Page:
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Divorce law blog

Keep it out of court: collaborative process in a nutshell

28/11/2013   By:

The collaborative process – sometimes called collaborative law – is another way of sorting out the issues that arise on separation or divorce – without going to Court.

Each of you has a collaboratively trained solicitor or barrister, who can explain the process to you in more detail.

After your first meeting with your collaborative lawyer, discussions then take place around a table with your spouse or partner and his or her collaborative lawyer. These are called four-way meetings. All the discussions and the financial disclosure is dealt with during these meetings.

Neither solicitor can act for you if you need to go to Court (except for filing divorce proceedings by agreement or a financial settlement by agreement). This helps to ensure that the discussions are kept confidential, so that you can genuinely explore what is best for you and the family, without fear of that coming out later.

Advantages of the collaborative process

  • It is a safe environment in which to talk – it is private and the discussions are entirely confidential.
  • You have the benefit of two solicitors working collaboratively together, looking at what is best for “all of you” (it feels very different to arms length negotiation).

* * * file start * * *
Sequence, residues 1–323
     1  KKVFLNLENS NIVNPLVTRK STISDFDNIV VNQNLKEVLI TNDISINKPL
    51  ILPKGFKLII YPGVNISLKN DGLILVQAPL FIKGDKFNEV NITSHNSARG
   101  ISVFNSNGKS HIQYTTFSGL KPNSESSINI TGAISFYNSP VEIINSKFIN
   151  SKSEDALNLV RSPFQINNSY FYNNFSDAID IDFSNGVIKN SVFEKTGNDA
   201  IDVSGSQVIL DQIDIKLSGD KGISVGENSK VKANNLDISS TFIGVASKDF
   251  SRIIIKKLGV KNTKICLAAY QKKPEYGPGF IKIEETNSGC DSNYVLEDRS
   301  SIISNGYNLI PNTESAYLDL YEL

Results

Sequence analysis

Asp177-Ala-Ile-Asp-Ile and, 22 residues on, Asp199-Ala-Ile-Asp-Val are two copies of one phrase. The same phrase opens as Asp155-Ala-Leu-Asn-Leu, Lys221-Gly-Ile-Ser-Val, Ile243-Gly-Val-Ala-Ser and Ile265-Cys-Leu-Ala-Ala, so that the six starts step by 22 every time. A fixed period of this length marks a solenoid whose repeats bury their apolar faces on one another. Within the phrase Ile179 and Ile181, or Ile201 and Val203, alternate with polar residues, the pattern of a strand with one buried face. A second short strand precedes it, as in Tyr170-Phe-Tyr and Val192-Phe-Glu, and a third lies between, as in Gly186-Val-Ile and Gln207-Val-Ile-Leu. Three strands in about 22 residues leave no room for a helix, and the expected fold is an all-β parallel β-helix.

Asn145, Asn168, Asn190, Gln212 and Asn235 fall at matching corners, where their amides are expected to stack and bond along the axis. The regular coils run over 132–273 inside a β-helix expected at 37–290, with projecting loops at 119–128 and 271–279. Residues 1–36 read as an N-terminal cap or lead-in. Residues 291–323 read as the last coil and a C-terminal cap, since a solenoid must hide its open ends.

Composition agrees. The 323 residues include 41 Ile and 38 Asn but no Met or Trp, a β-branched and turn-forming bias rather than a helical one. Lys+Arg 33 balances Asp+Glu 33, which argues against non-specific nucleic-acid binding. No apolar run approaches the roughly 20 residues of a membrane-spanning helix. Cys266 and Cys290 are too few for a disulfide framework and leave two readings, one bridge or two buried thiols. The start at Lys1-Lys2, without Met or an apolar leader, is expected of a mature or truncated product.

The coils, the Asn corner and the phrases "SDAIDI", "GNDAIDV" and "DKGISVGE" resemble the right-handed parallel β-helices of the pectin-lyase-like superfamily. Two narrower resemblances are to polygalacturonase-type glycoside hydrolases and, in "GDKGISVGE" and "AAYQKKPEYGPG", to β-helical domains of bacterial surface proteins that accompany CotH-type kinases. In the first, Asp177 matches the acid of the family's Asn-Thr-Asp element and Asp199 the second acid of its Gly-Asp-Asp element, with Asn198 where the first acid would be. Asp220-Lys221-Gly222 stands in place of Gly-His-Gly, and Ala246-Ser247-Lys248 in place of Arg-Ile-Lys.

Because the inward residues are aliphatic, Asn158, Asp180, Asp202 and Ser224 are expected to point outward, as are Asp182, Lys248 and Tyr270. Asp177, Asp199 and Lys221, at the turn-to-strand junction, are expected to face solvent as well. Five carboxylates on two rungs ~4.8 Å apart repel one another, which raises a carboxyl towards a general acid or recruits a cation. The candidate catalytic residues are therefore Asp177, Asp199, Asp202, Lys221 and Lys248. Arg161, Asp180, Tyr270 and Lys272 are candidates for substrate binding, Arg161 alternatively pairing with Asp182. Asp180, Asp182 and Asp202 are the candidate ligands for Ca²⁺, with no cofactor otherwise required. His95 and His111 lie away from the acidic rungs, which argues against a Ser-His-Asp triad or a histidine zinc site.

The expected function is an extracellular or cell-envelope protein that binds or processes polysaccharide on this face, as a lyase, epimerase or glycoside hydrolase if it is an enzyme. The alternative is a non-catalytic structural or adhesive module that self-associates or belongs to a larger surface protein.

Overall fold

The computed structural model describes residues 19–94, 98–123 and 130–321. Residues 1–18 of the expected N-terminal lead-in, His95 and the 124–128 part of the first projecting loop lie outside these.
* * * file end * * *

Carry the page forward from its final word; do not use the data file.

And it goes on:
• Your own solicitor is there to support you, and make sure that all the important things are dealt with from your perspective, as well as to make sure it is fair for everybody.
  • In the collaborative process, it is more common to bring in financial professionals (to help with financial disclosure or forecasting what income might be or getting help on pensions etc) and Family Consultants, if there are emotional difficulties involved.
  • It is your timetable – you can go as fast or as slow as you think is best.

Disadvantages of the collaborative process

  • You have the expense of lawyers being present, so it likely to be more expensive than mediation.
  • If you cannot agree things, then you would have to instruct another solicitor to tie up the loose ends, or (heaven forbid) take it to Court.

For more information see our collaborative divorce page, as well as our video: what is collaborative law?

Roger Bamber
Family Law Partner
Cambridge & London

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